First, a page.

The RA has made sure to foreground the live aspect of Abramović’s work, keen to convey the visceral intensity that performance art can engender for both artist and viewer. We’re greeted in the first room not by Abramović herself, but by a large video-grid of faces in varying degrees of rapture, filling an entire wall. The videos show the expressions of those who sat opposite Abramović in her legendary The Artist is Present performance, which took place in MoMA in 2010. All day, every day, for three months, she sat in a chair and invited members of the audience to sit opposite her. In the videos, some are crying, some look moved to a place beyond tears and others seem simply overwhelmed. No one is indifferent. The work usefully sets up the themes of the exhibition: endurance, presence, audience interaction and the mythical, saintly role that Abramović wants the artist to play in a secular world.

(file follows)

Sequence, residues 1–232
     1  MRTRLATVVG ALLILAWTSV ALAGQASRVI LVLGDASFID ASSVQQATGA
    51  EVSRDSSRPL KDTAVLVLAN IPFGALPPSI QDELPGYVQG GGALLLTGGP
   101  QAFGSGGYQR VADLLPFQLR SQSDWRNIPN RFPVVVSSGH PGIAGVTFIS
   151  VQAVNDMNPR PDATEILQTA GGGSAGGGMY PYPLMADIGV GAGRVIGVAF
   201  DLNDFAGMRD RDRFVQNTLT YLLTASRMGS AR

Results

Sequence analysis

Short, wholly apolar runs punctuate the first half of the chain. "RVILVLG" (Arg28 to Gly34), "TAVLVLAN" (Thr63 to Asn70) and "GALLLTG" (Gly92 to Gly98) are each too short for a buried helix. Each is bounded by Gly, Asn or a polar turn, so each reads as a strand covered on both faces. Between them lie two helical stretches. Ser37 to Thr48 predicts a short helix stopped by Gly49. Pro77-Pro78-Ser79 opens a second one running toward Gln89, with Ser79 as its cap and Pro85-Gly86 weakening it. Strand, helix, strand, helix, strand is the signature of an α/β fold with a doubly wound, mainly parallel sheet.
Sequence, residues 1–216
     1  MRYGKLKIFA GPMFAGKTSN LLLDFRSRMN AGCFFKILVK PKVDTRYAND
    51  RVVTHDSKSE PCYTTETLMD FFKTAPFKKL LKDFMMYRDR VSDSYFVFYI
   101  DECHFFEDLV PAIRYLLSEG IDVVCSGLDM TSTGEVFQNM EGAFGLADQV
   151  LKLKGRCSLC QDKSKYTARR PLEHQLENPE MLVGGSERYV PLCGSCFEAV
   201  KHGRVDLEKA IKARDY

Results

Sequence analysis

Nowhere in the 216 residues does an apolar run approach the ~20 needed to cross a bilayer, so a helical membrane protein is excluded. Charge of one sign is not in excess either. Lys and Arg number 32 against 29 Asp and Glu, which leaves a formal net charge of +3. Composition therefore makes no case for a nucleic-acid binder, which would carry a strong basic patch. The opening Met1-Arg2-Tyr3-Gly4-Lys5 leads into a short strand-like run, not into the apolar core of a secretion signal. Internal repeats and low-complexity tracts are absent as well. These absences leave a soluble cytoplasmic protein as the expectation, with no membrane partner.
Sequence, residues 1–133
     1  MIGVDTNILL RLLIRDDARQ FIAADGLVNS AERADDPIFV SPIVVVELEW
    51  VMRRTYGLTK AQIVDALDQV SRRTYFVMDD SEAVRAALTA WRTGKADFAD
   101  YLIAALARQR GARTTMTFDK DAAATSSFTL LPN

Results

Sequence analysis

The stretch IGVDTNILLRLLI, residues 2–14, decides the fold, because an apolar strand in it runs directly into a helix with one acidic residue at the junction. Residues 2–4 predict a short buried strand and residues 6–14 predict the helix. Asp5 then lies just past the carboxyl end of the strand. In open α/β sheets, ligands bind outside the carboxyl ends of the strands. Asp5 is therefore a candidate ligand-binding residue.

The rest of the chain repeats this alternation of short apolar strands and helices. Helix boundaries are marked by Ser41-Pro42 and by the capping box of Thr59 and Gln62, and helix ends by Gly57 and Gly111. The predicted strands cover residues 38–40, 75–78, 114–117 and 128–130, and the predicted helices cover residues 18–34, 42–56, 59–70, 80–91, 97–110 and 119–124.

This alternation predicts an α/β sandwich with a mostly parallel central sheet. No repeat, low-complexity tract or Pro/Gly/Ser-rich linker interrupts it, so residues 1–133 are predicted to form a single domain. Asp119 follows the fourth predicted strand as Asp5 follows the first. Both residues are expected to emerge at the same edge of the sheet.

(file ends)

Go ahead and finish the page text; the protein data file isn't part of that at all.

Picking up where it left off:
The next room is given over to undoubtedly the most dizzying work of the exhibition, and the most defining of Abramović’s career: Rhythm 0, which took place in Naples one evening in 1974, for six hours. Here, through a few grainy videos, we see Abramović standing stock still, while her mainly male Neapolitan audience are invited to do whatever they want, with the help of 72 objects she’s placed on a table. (This table is recreated at the RA and far kinkier than I’d imagined from reading about it: whips and chains sit next to lipstick and a hairbrush.) Having declared herself an object, the men in the videos, where a loaded gun is also ominously present, gradually become vile and predatory, exposing their – and society’s – misogyny by viciously stripping and abusing her, including putting a knife between her legs.